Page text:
Thank you so much for making these videos it helps me out a TON with my schoolwork… dont think my teacher explains it well enough :/

y,v

Wow, thank you! My teacher is absolutely amazing, but I have been struggling with understanding this specific topic. Your videos are really helpful.

66.82×10^22 molecules

my prayers have been answered..u r awesome

why is it .200 moles.. how

thank you very much i just dont get it when my teacher explains it

my teacher is really good and respectable but didn't get this stuff quite right thanks Bozeman science

I HAVE A FINAL TOMORROW PRAY FOR ME!!!

Thanks this was really helpful I was struggling to understand this in class!!

thank you!! this cleared so many things up for me

Thank you!!! 🙂

super helpful

Am I the only one weirdly attracted to this man??

what about formula units to moles?

I got 6.683 * 10^24 for the answer to the last question, 200.0g H2O to molecules. Is that correct?

THANK YOU

Thanks. I slept through most of class so binge study is my #1

thank you so much! my professor sucks

wow thank you very much, this really helped me a lot

don't know how i got here but now i know i know this… great way of teaching man!

you look like if john green and hank green were one person

The answer is 66.83 × 10 raised to 23 molecules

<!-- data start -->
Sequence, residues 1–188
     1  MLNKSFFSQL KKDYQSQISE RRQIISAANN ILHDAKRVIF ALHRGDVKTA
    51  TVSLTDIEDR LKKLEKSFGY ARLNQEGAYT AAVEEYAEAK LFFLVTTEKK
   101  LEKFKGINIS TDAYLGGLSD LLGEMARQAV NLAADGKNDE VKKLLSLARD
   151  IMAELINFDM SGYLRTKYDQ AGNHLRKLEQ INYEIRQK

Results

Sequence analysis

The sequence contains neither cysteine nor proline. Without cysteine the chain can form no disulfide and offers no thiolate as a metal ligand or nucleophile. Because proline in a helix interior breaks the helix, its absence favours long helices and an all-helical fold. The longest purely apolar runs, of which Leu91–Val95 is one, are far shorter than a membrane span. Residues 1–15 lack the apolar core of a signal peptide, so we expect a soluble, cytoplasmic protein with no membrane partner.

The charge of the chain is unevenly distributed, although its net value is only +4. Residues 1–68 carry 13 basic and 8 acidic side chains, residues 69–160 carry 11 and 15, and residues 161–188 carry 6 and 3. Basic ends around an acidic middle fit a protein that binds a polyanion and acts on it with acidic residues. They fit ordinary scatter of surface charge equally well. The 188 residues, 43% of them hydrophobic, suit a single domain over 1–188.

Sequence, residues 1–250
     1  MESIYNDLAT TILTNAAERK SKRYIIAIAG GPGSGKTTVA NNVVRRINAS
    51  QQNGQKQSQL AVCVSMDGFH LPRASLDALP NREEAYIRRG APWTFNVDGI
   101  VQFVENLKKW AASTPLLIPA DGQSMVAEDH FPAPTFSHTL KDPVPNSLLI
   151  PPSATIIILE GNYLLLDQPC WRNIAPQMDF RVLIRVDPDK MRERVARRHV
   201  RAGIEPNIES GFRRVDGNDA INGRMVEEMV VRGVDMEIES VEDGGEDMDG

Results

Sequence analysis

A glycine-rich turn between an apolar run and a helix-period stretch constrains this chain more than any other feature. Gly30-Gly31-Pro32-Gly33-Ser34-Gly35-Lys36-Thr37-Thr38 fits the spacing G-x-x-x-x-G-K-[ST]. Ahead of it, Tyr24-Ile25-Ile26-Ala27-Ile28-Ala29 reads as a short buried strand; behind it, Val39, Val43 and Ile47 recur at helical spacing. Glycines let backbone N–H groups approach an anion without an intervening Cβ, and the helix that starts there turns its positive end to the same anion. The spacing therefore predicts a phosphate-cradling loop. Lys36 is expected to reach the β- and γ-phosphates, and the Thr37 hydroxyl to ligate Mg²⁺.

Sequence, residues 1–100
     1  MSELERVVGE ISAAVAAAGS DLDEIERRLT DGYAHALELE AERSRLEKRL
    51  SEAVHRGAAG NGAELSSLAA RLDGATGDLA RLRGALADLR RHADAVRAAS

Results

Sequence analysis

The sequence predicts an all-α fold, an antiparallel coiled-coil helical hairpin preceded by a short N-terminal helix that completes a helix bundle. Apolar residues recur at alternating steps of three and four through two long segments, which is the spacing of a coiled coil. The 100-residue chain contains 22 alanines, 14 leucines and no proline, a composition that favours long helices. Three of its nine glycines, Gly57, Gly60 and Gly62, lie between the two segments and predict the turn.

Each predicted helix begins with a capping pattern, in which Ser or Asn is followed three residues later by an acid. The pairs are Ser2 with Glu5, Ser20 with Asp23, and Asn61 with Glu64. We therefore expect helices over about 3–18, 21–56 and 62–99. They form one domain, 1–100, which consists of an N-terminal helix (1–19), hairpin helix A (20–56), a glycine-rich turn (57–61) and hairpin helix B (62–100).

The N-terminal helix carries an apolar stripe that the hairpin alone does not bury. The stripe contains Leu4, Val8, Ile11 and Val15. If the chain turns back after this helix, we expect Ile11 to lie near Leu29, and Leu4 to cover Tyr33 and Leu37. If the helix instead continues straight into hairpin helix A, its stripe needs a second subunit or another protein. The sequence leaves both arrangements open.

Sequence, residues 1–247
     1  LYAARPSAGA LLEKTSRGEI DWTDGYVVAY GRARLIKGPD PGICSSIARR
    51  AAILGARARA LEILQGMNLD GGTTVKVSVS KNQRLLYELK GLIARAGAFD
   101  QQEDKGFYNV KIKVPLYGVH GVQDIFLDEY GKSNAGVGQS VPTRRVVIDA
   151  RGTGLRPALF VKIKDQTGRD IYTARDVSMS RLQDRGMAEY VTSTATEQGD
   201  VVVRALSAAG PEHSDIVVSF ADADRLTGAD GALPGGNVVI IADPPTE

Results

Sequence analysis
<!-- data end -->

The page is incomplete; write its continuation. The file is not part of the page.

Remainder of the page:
You saved me in my senior year of high school in AP Bio, and you aboutta save me now in college with chem!!!

where did he get 18.02 grams of h20 from

My teacher sucks. Thankyou so much

Awesome explanation. Thnxxx

I love you

im just here because i have a big test tomorrow and i dont know what the hell im learning in class

You just saved my life in chem. It's such a hard subject for me, but you make it easy!

Teachers need not be blamed for this cause nowadays we have gone too addicted to technology that traditional teaching has lost its importance

And of course here its one on one ratio and in a class room it is not so.

It's so easy to understand. Thanks for making this video!

Where do I pay you?

yeh its quite good to explain children like this

The periodic table in the book I was had the mass of K threw off everything but I figured it out and the book was tossed.

I like your videos.

SIR

REF:–VIDEO ON MOLE CONVERSION

1. Liked yr video for its information content.

2.. All clear

THANKS

VATSA

damn was distracted by your face.

This is so helpful

Youre a god

thank you so much

hey just as constructive criticism, i strongly suggest that you don’t trail off your sentences. it is sometimes very difficult to hear the endings of your sentences bc you get quieter. great info tho!

Does anybody have a transcript of what happened in the video?

Is is only me that I got 10 to the power 24 not 25

Thank you sooooooooooooooooo much 👏🏼👏🏼👏🏼

Where did you get the periodic table??????????

OMG thank you so much this is amazing

Question: Why’d you put 3.435×10^25 instead of what you got in the calculator which was 3.435×10^24?

👍

Thank you TT

your voice is so relaxing

I got a 100 on the quiz yesterday because of you thx alot

How does the exponent in 10e23 raise to 10e25?

Thank you for the slow calm explanation. I was able to follow along.

I also learned how to use the EE button. Thanks! Very helpful video.

Wow.. Thanks.. I finally understood the concept..

Wow thanks!

why has this taught me more than my teacher has taught over the course of 2 terms 😂😂😂

my teacher barely speaks english thank you so much